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Modern Russia

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Modern Russia

Modern Russia Final

Essay I

The Russian Revolution of 1917 was a revolution that was driven by the masses, and was inspired by western ideas. The policies and events between Alexander's II emancipation of the Serfs and the Bolshevik revolution of 1917 facilitated this event. The real cause lies behind the conditions which existed within Russia. The revolution was the culmination of a long period of repression and unrest. As Western technology was adopted by the czars, Western humanitarian ideals were acquired by a group of educated Russians. Among this growing intelligentsia, the majority of whom were abstractly humanitarian and democratic; there were also those who were politically radical and even revolutionary. The university became a seat of revolutionary activity; anarchism and later Marxism were introduced to the public. . The university, along with the workers, who were susceptible to radical ideas, were the Russians who called for Revolution. I intend to show the development of these conditions through the course of events in Russia.

First, I will begin with the Emancipation of the Serfs. This reform was achieved under Tsar Alexander the II. He enacted this reform as a response to modern technology in other European countries. Russia has not yet become an industrialized power, and in order to accomplish this she needed a work force. Alexander understood this and saw the solution to this problem as the emancipation of the Serfs. However this act laid the ground work for Revolution.

This swift action created a large body of unemployed peasants, who were very poor. This group consisted of the "urban serfs". These serfs were to be Russia's new workforce. Most of these serfs went to work in the cities, taking jobs that were created by industrialization. Even though these jobs involved hard labor and low pay, peasants were able to provide for themselves, and were free. However, life as a factory worker in Russia was not that easy. Russia had not yet begun to fully industrialize, but spinning mills with all the characteristics of Factory industry did exist. The workers of these establishments were badly fed, baldy housed, and very dangerous. This proletariat could easily become rebellious. In fact, the Tsar often reacted very harshly to workers who would send him petitions asking for better working conditions.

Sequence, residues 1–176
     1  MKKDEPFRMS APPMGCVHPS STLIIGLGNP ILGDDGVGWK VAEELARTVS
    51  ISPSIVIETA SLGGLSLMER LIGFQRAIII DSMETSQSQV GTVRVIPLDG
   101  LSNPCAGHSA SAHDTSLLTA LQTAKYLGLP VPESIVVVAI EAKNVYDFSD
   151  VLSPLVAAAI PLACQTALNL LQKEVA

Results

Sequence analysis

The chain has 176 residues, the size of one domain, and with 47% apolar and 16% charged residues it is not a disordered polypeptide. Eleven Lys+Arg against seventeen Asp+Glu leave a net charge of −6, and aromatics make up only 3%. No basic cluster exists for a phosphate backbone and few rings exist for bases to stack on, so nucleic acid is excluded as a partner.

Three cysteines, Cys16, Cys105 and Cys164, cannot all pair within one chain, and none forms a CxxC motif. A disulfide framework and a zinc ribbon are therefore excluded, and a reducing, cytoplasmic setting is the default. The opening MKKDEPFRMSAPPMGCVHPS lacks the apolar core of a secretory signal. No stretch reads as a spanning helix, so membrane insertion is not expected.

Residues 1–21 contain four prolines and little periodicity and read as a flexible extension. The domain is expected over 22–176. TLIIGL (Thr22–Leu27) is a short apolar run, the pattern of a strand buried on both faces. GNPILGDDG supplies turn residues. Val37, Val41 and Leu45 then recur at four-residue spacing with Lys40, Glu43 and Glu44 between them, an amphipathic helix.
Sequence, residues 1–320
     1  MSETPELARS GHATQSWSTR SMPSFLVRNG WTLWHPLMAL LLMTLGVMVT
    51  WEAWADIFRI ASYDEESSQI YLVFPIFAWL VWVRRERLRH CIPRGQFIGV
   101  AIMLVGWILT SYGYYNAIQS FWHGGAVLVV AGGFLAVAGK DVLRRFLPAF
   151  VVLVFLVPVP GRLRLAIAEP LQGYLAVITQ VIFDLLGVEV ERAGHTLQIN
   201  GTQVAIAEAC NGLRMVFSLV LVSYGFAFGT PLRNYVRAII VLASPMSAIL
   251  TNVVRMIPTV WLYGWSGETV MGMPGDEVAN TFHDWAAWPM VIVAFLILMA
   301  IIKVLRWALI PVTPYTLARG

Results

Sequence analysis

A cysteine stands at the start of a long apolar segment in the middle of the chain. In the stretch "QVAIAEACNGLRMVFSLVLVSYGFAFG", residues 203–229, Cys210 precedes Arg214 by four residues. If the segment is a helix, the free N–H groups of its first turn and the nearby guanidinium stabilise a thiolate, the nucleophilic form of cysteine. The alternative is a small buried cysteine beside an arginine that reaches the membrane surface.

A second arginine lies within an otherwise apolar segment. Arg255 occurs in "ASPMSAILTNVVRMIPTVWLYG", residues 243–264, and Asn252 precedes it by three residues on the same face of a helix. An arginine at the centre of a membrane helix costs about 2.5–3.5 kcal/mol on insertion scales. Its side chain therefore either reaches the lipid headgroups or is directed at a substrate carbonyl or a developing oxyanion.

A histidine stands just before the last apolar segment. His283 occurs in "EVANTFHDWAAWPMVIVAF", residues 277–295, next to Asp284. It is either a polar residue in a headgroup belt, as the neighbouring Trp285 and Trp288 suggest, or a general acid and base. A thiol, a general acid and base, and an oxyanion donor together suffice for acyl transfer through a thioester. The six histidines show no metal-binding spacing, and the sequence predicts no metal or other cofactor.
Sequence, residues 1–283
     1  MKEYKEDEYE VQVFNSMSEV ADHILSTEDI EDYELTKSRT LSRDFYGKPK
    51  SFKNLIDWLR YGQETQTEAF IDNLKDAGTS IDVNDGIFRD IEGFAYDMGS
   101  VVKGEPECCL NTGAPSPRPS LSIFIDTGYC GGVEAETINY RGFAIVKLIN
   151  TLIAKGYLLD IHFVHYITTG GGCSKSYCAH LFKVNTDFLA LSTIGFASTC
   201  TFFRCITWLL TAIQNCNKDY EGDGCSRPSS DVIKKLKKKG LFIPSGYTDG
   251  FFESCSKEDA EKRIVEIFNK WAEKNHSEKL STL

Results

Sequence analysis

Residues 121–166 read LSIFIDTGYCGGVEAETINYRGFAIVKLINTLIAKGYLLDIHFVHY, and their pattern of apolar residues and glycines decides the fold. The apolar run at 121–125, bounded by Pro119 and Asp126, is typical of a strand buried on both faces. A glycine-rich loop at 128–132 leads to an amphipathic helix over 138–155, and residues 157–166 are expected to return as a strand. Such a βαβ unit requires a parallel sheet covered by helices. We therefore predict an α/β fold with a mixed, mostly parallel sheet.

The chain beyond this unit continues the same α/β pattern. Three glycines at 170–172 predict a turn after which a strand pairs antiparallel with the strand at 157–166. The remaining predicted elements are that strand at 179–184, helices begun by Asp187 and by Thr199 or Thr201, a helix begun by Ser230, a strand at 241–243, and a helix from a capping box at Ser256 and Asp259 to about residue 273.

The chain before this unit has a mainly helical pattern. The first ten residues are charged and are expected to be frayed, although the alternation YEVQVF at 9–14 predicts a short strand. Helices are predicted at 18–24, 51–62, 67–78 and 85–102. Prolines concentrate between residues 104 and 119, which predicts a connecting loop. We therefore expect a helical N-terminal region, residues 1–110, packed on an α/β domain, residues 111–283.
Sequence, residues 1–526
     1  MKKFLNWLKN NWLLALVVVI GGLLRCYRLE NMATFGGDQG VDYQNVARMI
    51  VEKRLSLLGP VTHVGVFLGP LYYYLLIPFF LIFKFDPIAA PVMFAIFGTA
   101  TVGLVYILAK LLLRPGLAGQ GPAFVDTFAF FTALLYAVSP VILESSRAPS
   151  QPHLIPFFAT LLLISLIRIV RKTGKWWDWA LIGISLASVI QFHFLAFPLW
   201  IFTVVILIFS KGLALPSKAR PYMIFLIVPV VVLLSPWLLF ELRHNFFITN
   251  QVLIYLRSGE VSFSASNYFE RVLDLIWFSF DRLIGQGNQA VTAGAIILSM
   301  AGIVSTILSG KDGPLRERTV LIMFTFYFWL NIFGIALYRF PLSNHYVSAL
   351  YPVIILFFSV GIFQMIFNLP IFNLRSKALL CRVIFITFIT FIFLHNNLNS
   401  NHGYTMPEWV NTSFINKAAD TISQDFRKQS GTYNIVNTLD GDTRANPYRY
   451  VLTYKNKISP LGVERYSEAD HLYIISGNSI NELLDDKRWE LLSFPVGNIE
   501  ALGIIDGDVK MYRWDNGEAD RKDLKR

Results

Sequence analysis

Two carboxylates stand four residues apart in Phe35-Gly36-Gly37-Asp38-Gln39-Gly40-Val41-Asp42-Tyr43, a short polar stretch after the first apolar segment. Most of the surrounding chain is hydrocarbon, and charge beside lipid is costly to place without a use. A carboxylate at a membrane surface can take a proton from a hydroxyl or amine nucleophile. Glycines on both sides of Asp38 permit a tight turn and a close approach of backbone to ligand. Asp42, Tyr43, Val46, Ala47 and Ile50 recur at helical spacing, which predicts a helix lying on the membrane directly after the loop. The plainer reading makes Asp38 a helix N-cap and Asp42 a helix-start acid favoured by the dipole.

"Rural serfs" were to be granted an allotment of land. In order to get this land to give to the serfs, the Tsar had to buy it from the landowners. This created a huge expense on the part of the Government. Alexander decided that each rural serf should pay for this land through the means of taxes. This created a big problem with the Serfs. The land allotment was too small to support a family, and the serfs were forced to pay for the land unless they agreed to take a smaller allotment. This created a felling of discontent among rural peasants, which led to uprisings in the countryside. Occasionally these uprisings would spread to rural areas, such as the 1905 rebellion, but they were more common and harder to control in the countryside. Another contribution to this outbreak of violence was the general poverty among the peasants. This poverty also caused the peasants to often be late on their redemption payments.

Another key attribute to Revolution took place in the Universities. Alexander II was faced with the question of how to educate his people without encouraging them to question the state. The universities were already a mixing pot of discontent, due to the harsh restrictions placed on them by Nicholas I. Alexander's II first steps at increasing public liberties only intensified the students' ability to publicly protest. Because of this response to his liberal policies Alexander imposed new restrictive legislation, which would spur more student protests. These restrictions included banning student organizations, and even unauthorized student gatherings. In 1862 the students began massive demonstrations, in the two capitals, which had to be suppressed by troops.

By the mid 1860's similar types of attacks by peasants and student, "revolutionaries" wore down Alexander's II zeal for reform. Alexander's II relaxation of control did not create the contentment that he desired, but rather led to increasing demands for concessions which he had never been prepared to grant. Wars and uprisings had worn down the government, while the government wore down the people. Such uprising include those of the students, the before mentioned peasants, and new nationalist movements in Poland.

The Russo Japanese War created yet another embarrassment for Russia. Not only was this foreign policy blunder an embarrassment internationally, but it crushed morale at home. Russia engaged in the potentially highly lucrative business

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